May 17, 2020

FMG in no rush to sell assets, turns down two potential deals

Fortescue Metals Group
Iron ore
Goldman Sachs
2 min
FMG in no rush to sell assets, turns down two potential deals
Fortescue Metals Groupisnt waiving the white flag just quite yet. The Australian mining firm and iron ore connoisseur said it was in no hurry to sell of...

Fortescue Metals Group isn’t waiving the white flag just quite yet. The Australian mining firm and iron ore connoisseur said it was in no hurry to sell off part of its iron ore mining operations in Australia, choosing instead to wait for a recovery in the market.

“We are in very strong shape and therefore we can be patient,” said Chief Executive Nev Power in an interview. “That might mean we need to wait until potential investors think the iron-ore price is about to go up again, and then they will be more motivated.”

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Power said the company has been approached by two parties interested in buying a stake in its operations, but no advanced negotiations are under way.

“We are not under any time pressure on that, though ... and I think we would be more inclined to sell in an environment with a better iron-ore price,” said Power. “We don’t need to have a fire sale.” 

Prices for iron ore have dropped 60 percent since last year, falling to its lowest price ever at $44.10 per ton in July.To make matters worse, Goldman Sachs forecasts a further 30 percent decline in iron ore prices over the next 18 months.

Fortescue still has more than $7.2 billion in debt, which includes subtracting cash on its balance sheet at the end of June. “The reality is we can repay our debt from cash flow, and we will do that whatever the iron ore price is,” said Power.

If FMG were to contemplate a deal, it would only be interested in taking on an investor to help accelerate its debt repayments.

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May 7, 2021

Lithium producers bullish as EV revolution ramps demand

Electric Vehicles
3 min
Lithium producers are drawing optimism from rising prices for the electric vehicle battery metal

Rising demand for lithium is stoking prices for the electric vehicle battery metal, fueling long-delayed expansions that still may not produce adequate supplies that automakers need to meet aggressive production plans.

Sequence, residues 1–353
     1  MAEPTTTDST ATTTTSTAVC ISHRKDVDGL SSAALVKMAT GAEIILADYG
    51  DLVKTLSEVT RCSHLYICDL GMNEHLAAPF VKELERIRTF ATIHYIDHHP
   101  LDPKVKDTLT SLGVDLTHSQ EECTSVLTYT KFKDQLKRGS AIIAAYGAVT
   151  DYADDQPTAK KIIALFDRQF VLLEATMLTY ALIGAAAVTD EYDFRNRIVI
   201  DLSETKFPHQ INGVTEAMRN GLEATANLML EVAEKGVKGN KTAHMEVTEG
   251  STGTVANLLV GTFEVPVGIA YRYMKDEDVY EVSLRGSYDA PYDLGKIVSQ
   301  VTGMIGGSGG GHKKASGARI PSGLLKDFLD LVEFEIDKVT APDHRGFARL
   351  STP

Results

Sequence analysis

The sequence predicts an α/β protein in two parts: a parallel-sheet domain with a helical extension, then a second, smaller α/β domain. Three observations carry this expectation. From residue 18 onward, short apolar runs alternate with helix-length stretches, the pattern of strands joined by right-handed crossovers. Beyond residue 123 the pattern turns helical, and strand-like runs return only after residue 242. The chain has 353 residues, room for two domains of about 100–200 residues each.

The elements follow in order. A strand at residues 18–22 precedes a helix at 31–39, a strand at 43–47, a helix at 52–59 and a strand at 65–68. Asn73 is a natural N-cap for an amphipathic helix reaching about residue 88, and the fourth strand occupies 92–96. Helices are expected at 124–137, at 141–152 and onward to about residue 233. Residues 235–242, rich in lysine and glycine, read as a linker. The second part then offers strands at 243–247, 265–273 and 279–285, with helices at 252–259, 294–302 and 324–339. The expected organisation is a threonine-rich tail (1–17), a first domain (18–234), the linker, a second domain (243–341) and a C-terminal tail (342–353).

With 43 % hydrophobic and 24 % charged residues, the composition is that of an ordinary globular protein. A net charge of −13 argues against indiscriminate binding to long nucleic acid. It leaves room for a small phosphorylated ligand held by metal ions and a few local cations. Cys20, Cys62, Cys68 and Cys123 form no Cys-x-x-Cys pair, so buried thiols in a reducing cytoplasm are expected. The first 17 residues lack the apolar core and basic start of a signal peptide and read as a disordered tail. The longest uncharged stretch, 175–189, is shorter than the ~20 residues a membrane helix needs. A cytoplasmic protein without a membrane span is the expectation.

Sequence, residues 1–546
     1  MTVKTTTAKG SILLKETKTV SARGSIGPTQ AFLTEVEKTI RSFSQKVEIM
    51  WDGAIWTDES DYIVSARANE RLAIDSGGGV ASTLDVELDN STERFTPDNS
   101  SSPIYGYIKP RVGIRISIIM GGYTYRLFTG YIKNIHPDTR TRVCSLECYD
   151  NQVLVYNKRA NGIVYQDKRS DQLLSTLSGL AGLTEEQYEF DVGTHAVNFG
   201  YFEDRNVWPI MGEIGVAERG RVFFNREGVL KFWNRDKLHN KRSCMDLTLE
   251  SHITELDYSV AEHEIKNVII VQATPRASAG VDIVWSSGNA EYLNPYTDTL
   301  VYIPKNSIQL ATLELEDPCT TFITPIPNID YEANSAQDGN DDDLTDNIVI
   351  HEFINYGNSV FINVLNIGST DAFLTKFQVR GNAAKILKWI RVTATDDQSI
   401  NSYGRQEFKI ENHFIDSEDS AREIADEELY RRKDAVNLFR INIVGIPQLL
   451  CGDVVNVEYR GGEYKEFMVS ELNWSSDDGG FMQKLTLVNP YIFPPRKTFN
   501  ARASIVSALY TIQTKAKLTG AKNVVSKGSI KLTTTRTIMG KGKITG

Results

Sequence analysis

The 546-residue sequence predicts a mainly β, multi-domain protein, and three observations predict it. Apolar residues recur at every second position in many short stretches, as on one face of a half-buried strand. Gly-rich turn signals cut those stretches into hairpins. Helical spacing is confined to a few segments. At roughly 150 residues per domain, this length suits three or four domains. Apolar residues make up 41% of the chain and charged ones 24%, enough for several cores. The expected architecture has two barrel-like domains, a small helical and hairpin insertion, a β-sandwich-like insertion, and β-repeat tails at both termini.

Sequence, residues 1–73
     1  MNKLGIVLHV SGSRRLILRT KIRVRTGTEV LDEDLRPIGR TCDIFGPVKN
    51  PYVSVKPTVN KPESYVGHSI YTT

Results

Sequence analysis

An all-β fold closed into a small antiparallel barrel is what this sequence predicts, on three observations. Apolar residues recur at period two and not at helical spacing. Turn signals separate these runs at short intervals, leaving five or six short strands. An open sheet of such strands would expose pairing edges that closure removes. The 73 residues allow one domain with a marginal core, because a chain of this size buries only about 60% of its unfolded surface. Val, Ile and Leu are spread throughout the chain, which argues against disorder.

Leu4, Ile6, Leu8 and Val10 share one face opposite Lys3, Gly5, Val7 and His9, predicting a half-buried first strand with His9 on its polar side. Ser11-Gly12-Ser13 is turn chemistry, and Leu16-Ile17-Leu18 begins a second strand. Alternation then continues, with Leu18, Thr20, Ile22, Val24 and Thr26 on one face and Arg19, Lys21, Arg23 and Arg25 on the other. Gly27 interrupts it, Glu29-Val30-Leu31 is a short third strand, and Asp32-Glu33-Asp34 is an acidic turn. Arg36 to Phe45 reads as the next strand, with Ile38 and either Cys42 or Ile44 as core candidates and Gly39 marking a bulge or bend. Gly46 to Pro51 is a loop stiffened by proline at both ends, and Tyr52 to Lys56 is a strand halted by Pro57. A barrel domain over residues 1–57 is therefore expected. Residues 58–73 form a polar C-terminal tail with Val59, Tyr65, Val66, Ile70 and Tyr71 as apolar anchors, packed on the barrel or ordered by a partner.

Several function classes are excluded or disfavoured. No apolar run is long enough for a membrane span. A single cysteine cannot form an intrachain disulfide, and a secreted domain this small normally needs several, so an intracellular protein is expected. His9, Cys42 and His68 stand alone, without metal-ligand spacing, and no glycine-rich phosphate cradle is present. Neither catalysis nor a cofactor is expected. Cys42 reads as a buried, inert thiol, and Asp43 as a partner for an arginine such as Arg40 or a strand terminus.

Growing industry optimism from higher lithium prices is a change from last year when funding for mines and processing plants dried up during the pandemic.

Albemarle Corp, Livent Corp and other producers are scrambling to make more lithium, but some analysts worry the recent price jump will not spur a big enough expansion to meet a planned wave of new EV models by mid-decade.

Since January, General Motors Co, Ford Motor Co LG Energy Solution and SK Innovation Co, along with other automakers and battery parts manufacturers, have said they will spend billions of dollars on EV plants.

U.S. President Joe Biden has proposed spending $174bn to boost EV sales and infrastructure. The European Union has similar plans, part of a rush to catch up with global EV leader China.

Those moves have helped an index of lithium prices jump 59 percent since April 2020, according to data from Benchmark Mineral Intelligence, a commodity pricing provider.

The rising demand “reflects what feels like a real and fundamental turning point in our industry,” said Paul Graves, chief executive of Livent Corp, which supplies Tesla Inc. On Monday, it said it would more than double its annual lithium production to 115,000 tonnes.

Graves warned, though, that “it will be a challenge for the lithium industry to produce sufficient qualified material in the near and medium term.”


Albemarle, the world’s largest lithium producer, aims to double its production capacity to 175,000 tonnes by the end of the year when two construction projects are complete. Albemarle's Q1 profit beat expectations thanks to rising lithium prices. Chile’s SQM, the No. 2 producer, said its goal to expand production of lithium carbonate by 71 percent to 120,000 tonnes should be complete by December.

Australia’s Orocobre is paying $1.4 billion for smaller rival Galaxy Resources, a strategy designed to boost scale and help it grow faster in regions closer to customers.

“The next few years are going to be critical in terms of whether there’s enough available lithium supply, and that’s why you’re starting to see commodity prices start to ramp,” said Chris Berry, an independent lithium industry consultant.

The price gains helped Albemarle and other major producers, including China’s Ganfeng Lithium Co and SQM, post big gains in first-quarter profit and boost forecasts for the year.

Even China’s Tianqi Lithium Corp, saddled with debt due to years of low lithium prices, signaled that recovering demand should help it swing to a profit this year.

Electric Vehicles

Forecasts call for demand for the white metals to surge from about 320,000 tonnes annually last year to more than 1 million tonnes annually by 2025, when many automakers plan to launch new EV fleets, according to Benchmark.

Still, demand is expected to outstrip supply in 2025 by more than 200,000 tonnes, so lithium prices may need to rise to encourage producers to build more mines. That could boost the prices consumers pay for EVs. “Companies across the lithium-ion supply chain are in the best position they’ve been in for the last 5 years,” said Pedro Palandrani of the Global X Lithium & Battery Technology ETF , which has doubled in value in the past year.

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